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KSW Presents ‘All This Wreckage, In Your Own Language’
September 28, 2018 @ 7:00 pm - 9:30 pm UTC+0$8 – $20.
KSW Presents “All This Wreckage, In Your Own Language,” a reading featuring two debut novelists-Elaine Castillo, author of America Is Not the Heart, and Ingrid Rojas Contreras, author of Fruit of the Drunken Tree. The reading will be followed by a Q&A with Tayo Literary Magazine co-founder, Melissa Sipin.
The title of this event brings together quotes from both books as their stories begin-when a letter arrives in Fruit of the Drunken Tree, “bringing with it all this wreckage to our doorstep,” and in America Is Not the Heart, when “you can’t remember the last time someone told you to take care of yourself in your own language.”
This is a reading that gives language to the stories and wreckages of war and violence, colonialism and dictatorship, immigration and refuge, family, desperation, and the decisions one makes towards a kind of survival.
ELAINE CASTILLO was born and raised in the Bay Area. She graduated from the University of California, Berkeley with a degree in Comparative Literature. She is a Voices of Our Nation Arts Foundation Fellow, and her writing can be found or is forthcoming from Freeman’s, Lit Hub, The Rumpus, Taste Magazine, Bon Appetit, Electric Literature and elsewhere. Her debut novel AMERICA IS NOT THE HEART was published by Viking Books in the US/Canada and Atlantic Books (UK).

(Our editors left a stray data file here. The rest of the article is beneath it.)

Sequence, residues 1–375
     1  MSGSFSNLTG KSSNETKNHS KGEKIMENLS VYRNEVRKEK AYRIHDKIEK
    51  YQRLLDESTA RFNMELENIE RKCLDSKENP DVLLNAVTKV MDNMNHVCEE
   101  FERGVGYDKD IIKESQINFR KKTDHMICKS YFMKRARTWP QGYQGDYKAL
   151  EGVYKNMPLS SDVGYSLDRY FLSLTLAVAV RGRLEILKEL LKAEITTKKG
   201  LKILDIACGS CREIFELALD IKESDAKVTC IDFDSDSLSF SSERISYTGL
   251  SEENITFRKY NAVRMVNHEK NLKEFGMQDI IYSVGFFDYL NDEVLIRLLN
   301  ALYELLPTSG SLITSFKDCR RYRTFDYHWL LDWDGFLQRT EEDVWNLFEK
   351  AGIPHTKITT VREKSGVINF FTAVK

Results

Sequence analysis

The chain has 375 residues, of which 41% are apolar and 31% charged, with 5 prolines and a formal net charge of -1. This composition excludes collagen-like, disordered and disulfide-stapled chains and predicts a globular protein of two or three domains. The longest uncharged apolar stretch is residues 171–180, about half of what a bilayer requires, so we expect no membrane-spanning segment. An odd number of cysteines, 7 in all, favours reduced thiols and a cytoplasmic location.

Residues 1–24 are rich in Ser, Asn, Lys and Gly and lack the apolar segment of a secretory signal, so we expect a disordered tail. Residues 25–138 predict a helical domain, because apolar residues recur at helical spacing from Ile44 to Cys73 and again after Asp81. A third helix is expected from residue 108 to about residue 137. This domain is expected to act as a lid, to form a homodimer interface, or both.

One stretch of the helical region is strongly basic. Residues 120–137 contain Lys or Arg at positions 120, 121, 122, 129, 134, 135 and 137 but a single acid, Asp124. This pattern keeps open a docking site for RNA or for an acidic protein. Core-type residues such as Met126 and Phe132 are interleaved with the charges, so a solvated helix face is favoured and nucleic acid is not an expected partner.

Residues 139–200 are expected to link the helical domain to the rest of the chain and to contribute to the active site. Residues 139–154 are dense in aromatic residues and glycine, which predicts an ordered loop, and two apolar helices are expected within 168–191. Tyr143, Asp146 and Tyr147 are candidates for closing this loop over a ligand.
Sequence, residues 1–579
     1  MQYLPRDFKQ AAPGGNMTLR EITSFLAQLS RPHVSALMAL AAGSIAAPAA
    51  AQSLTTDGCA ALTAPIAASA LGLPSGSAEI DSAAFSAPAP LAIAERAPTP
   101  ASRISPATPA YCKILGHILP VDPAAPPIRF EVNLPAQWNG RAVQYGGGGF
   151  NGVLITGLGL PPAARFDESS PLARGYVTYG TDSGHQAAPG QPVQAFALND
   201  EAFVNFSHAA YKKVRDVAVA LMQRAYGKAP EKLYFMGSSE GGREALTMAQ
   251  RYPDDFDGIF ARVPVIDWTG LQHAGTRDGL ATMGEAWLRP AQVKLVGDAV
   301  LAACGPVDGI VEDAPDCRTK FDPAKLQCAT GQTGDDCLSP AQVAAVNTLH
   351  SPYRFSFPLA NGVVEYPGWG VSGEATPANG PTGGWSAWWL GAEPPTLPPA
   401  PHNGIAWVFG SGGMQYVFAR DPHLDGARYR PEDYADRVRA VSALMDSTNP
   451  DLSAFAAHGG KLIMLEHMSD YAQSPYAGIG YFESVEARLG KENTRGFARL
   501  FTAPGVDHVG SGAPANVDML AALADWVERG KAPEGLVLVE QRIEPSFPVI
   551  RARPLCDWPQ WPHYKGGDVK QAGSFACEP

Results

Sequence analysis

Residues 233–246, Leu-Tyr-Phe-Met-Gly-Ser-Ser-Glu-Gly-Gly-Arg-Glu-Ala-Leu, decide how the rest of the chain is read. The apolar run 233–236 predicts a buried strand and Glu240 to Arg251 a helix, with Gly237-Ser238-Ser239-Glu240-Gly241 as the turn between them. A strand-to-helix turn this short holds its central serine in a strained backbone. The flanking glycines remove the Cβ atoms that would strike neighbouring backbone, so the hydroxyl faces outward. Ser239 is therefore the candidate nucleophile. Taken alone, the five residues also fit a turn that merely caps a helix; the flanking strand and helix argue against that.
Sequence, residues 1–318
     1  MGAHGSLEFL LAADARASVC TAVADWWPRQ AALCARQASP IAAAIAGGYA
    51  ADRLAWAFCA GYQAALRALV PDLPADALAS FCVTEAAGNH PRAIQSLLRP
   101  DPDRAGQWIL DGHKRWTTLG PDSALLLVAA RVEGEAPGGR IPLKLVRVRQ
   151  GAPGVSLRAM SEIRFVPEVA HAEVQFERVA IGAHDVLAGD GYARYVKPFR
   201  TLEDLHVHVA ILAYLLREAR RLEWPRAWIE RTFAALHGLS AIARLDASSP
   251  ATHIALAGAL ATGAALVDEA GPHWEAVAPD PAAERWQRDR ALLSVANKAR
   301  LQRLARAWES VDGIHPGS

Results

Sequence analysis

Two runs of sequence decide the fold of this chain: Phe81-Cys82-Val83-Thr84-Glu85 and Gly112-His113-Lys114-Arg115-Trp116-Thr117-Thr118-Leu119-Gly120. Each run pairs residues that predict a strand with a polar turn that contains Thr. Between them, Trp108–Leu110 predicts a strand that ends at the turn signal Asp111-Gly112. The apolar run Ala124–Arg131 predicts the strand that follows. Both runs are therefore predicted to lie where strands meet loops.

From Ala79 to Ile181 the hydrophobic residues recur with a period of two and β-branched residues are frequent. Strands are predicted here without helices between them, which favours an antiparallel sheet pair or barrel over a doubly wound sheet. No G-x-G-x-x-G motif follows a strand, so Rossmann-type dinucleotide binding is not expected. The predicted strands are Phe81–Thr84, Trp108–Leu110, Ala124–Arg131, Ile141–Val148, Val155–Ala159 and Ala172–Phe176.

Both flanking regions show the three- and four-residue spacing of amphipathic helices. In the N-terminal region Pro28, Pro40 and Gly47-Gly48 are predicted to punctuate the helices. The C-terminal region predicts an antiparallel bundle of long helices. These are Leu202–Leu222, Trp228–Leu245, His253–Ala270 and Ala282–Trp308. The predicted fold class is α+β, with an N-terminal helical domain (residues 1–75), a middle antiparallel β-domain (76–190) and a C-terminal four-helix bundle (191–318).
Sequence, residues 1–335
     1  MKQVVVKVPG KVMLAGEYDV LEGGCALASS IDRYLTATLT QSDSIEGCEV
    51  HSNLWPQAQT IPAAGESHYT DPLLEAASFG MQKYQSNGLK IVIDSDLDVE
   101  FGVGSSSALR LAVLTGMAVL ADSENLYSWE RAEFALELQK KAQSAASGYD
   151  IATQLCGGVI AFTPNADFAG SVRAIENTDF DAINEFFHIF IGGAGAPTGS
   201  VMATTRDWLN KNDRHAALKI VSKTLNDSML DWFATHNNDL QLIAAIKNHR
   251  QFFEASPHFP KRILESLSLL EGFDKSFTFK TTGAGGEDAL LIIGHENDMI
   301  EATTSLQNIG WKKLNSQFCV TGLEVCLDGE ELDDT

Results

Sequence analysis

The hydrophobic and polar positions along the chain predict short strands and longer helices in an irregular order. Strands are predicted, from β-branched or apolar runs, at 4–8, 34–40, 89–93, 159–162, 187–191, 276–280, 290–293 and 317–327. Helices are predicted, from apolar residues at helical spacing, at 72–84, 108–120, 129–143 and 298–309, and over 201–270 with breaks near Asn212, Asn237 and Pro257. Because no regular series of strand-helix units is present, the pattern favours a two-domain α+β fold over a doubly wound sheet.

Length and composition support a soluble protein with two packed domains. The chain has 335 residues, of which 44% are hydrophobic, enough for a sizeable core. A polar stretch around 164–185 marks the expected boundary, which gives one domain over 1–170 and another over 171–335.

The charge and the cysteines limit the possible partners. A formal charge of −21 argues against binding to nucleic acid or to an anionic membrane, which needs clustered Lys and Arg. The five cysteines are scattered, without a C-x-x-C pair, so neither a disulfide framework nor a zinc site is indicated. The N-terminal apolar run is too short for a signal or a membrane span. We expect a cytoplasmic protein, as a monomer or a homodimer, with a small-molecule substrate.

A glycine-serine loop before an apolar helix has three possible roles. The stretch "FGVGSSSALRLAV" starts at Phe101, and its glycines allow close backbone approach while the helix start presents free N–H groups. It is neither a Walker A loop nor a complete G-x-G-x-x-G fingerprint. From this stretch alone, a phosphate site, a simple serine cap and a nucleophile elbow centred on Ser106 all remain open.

INGRID ROJAS CONTRERAS is the author of Fruit of the Drunken Tree (Doubleday, 2018), a Barnes & Noble Discover Great New Writers Pick. She was born and raised in Bogota, Colombia. Her essays and short stories have appeared in the Nylon, Los Angeles Review of Books, Electric Literature, Guernica, and Huffington Post, among others. She received fellowships from Bread Loaf Writer’s Conference, and the San Francisco Writer’s Grotto. She currently teaches writing to immigrant high school students as part of a San Francisco Arts Commission initiative bringing artists into public schools. She is the book columnist for KQED.